So you've just barely got your heads around the concept of super-fast 4G mobile broadband, and now the tech industry wants to introduce the idea of 5G. 5G will be ultra-fast mobile broadband exponentially more powerful than any wireless internet we have today.

The exact international standards to define what 5G is have yet to be set, but global mobile standards body GSMA has set a deadline of 2020 for 5G networks to be rolled out. At the moment, 4G offers an average mobile internet download speed of 15Mbps, but the UK communications regulator Ofcom believes 5G mobile should be able to deliver speeds of between 10-50Gbps.

Communications technology provider Ericsson has been dreaming of a 5G world since 2013 and is pushing for a concept called "Network 2020", where everything in our world is constantly connected in the Internet of Things (IoT) as the 5G network has so much more bandwidth than ever before.

"If 4G is like a lake, 5G will be an ocean," Erik Kruse, Ericsson's Networked Society evangelist and director of the Networked Society Lab, tells IBTimes UK.

But how would it work in reality, and why do we need 5G when we've already got super-fast mobile internet? Here is what Ericsson thinks the future will look like:

How 5G will be used in future
Ericsson's vision of how 5G will be used to connect cities, people, industries and emergency services - click to enlarge Ericsson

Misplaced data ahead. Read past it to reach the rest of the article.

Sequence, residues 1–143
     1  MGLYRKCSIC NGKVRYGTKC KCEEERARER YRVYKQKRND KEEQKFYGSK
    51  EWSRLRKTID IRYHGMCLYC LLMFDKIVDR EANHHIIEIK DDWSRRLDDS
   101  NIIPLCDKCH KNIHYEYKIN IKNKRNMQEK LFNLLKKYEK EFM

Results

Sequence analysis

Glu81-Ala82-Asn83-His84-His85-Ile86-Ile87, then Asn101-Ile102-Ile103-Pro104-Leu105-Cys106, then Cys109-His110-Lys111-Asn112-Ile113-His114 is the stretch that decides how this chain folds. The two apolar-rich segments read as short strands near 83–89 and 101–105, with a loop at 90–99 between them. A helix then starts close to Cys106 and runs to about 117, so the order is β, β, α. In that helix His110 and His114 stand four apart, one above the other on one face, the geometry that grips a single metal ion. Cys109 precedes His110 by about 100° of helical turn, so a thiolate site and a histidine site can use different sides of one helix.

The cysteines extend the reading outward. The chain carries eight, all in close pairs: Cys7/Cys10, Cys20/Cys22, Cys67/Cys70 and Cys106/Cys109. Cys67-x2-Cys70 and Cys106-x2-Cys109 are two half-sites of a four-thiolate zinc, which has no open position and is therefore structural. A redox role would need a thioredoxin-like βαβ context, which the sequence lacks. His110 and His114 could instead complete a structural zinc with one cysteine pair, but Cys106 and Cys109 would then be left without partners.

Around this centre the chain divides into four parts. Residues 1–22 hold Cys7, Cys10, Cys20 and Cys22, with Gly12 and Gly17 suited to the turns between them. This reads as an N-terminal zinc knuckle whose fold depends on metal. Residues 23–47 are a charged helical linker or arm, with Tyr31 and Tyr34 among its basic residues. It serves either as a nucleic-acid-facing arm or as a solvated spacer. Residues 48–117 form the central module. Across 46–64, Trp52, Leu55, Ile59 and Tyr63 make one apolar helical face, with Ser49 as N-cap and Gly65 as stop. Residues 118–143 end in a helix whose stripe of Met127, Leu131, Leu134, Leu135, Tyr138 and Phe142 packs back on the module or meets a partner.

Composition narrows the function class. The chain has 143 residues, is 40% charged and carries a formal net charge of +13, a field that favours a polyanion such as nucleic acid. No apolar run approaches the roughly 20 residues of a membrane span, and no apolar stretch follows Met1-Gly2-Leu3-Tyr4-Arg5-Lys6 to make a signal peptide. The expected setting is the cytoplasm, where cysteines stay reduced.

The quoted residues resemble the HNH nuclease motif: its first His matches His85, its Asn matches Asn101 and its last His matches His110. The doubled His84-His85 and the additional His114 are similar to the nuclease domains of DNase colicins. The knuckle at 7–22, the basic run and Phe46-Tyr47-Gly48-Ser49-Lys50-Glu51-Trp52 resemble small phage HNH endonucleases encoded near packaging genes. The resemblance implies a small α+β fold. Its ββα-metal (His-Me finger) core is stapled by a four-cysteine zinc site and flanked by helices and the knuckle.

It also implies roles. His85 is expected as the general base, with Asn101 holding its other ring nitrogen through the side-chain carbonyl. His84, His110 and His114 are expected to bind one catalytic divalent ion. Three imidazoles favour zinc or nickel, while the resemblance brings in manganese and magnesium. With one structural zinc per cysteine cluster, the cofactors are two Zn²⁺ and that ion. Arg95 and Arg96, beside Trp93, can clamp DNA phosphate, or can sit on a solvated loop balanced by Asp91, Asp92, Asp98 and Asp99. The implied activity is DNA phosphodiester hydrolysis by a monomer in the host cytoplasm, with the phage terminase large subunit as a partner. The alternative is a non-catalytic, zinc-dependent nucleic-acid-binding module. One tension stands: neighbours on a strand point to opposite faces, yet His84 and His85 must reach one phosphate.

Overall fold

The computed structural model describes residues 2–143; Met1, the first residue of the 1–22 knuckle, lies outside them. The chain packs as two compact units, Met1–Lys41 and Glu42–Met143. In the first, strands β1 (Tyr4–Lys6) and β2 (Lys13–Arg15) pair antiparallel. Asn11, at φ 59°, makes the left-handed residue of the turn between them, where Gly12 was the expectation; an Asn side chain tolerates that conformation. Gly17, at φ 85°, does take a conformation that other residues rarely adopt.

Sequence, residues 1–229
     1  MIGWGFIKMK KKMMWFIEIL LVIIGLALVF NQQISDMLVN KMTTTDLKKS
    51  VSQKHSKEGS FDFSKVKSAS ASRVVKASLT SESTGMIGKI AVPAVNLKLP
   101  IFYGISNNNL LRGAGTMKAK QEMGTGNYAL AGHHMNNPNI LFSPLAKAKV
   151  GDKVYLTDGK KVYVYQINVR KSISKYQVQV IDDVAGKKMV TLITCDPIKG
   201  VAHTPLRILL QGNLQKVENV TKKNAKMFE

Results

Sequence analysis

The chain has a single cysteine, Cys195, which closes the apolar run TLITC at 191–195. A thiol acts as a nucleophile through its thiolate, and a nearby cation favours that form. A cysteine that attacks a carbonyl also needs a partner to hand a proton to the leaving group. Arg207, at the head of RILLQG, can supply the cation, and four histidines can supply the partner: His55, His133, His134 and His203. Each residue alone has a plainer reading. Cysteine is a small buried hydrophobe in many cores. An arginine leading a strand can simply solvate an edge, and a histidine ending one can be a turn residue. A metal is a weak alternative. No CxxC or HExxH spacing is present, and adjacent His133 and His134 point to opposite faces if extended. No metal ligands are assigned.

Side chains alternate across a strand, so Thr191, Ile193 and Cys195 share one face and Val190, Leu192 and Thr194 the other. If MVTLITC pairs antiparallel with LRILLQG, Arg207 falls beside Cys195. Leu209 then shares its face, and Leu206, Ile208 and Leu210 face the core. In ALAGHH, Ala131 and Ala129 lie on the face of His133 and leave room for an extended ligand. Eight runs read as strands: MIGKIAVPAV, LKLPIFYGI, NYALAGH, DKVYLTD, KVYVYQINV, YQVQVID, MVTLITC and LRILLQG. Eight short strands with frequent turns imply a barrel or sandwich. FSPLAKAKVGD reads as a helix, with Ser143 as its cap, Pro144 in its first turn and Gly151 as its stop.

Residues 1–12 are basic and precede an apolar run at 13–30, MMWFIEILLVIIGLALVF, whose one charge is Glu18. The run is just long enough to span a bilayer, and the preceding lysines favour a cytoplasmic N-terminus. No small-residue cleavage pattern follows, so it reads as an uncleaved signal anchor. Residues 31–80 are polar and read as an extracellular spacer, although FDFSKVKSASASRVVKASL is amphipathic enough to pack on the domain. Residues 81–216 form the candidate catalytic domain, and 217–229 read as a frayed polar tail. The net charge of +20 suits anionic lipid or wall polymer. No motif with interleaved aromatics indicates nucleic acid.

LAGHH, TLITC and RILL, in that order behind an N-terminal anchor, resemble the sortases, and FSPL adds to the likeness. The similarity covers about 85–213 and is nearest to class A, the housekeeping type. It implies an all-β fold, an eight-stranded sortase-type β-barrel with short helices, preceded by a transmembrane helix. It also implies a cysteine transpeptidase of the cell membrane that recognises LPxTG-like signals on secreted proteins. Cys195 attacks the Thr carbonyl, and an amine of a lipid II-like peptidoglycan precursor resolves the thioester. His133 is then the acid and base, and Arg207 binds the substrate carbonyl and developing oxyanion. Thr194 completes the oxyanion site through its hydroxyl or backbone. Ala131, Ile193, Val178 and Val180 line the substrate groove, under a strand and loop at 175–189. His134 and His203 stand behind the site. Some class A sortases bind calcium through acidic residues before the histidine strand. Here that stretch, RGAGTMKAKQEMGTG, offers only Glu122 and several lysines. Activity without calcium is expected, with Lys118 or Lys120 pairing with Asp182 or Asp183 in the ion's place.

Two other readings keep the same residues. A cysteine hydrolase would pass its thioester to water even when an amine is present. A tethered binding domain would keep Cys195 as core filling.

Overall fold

5G will be used in self-driving cars

Self-driving car tested by Ericsson and Volvo
Self-driving car technology being tested by Volvo and Ericsson Ericsson

Tech companies like Google and Apple are racing to create self-driving cars, but behind the scenes car manufacturers are also researching the technology. According to Kruse, 5G will enable self-driving cars and connected cars to share information with each other, so if an accident occurs, the car closest to the accident can wirelessly send information back to all the cars behind it on the highway.

Not only that, but the sensors in the car will be able to take more accurate measurements about weather conditions in different geographic locations, and that data can then be sent over the 5G network back to the cloud so that the self-driving car can calculate a better route to take and make adjustments to your journey.

5G will create smart connected transportation

Ericsson's vision of a connected bus stop
Ericsson's vision of a connected bus stop Ericsson

But it's not just cars – 5G will enable vehicles to talk to each other, which would make flexible bus management possible, whereby the bus stops tell the bus whether there are any people waiting, and people can press a button in a smartphone app to tell the bus that many people are waiting at a particular stop. This will enable bus drivers to skip bus stops where there are no people waiting, and for bus operators to send out additional buses if there is congestion due to tube strikes or traffic jams.

Not only that, but say you're in a self-driving car and you're approaching a traffic jam. According to Kruse, 5G will enable the car to make new calculations about a possible faster route to get you to work.

"If the traffic is bad, the car offers you an alternative. It can log on to the internet and book you a train ticket for the second part of your journey, and then for the third part of the journey, it can automatically rent a bike for you. Then it drives you to the train station," he says.